A multi-scale energy systems (MUSES) modeling framework
Calliope is a framework to develop energy system models using a modern and open source Python-based toolchain. It is under active development and freely available under the Apache 2.0 license.
Calliope is a framework to develop energy system models, with a focus on flexibility, high spatial and temporal resolution, the ability to execute many runs based on the same base model, and a clear separation of framework (code) and model (data).
A model based on Calliope consists of a collection of text files (in YAML and CSV formats) that define the technologies, locations and resource potentials. Calliope takes these files, constructs an optimization problem, solves it, and reports results in the form of Pandas data structures for easy analysis with Calliope’s built-in tools or the standard Python data analysis stack.
Calliope’s main features include:
- Generic technology definition allows modeling any mix of production, storage and consumption
- Resolved in space: define locations with individual resource potentials
- Resolved in time: read time series with arbitrary resolution
- Model specification in an easy-to-read and machine-processable YAML format
- Able to run on computing clusters
- Easily extensible in a modular way: custom constraint generator functions and custom time mask functions
- Uses a state-of-the-art Python toolchain based on Pyomo and Pandas
- Freely available under the Apache 2.0 license
Comments, bug reports, pull requests, and any other contributions are welcome. See below (Contact) for contact information.
Please cite the following paper if you use Calliope for academic research:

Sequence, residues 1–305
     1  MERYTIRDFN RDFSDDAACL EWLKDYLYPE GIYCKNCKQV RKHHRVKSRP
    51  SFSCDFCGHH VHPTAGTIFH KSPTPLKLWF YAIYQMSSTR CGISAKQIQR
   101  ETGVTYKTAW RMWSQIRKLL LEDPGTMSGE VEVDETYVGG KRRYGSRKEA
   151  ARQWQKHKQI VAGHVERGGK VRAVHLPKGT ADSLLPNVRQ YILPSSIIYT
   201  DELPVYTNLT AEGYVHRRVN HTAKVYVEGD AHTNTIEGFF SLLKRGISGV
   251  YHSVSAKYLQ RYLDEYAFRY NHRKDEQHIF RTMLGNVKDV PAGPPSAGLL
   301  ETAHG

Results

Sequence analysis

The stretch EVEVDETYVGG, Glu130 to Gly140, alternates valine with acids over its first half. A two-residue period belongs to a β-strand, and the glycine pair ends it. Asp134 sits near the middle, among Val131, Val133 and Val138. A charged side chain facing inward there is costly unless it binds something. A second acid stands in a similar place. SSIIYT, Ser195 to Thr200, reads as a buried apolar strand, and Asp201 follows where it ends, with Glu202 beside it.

Stefan Pfenninger (2017). Dealing with multiple decades of hourly wind and PV time series in energy models: a comparison of methods to reduce time resolution and the planning implications of inter-annual variability. Applied Energy. doi: 10.1016/j.apenergy.2017.03.051
The following publications make use of Calliope-based models:
- Stefan Pfenninger (2017). Dealing with multiple decades of hourly wind and PV time series in energy models: a comparison of methods to reduce time resolution and the planning implications of inter-annual variability. Applied Energy. doi: 10.1016/j.apenergy.2017.03.051
- Paula Díaz Redondo and Oscar Van Vliet (2016). Modelling the Energy Future of Switzerland after the Phase Out of Nuclear Power Plants. Energy Procedia. doi: 10.1016/j.egypro.2015.07.843
- Stefan Pfenninger and James Keirstead (2015). Comparing concentrating solar and nuclear power as baseload providers using the example of South Africa. Energy. doi: 10.1016/j.energy.2015.04.077
- Stefan Pfenninger and James Keirstead (2015). Renewables, nuclear, or fossil fuels? Comparing scenarios for the Great Britain electricity system. Applied Energy, 152, pp. 83-93. doi: 10.1016/j.apenergy.2015.04.102
Contact Stefan Pfenninger if you have a publication that should be listed here.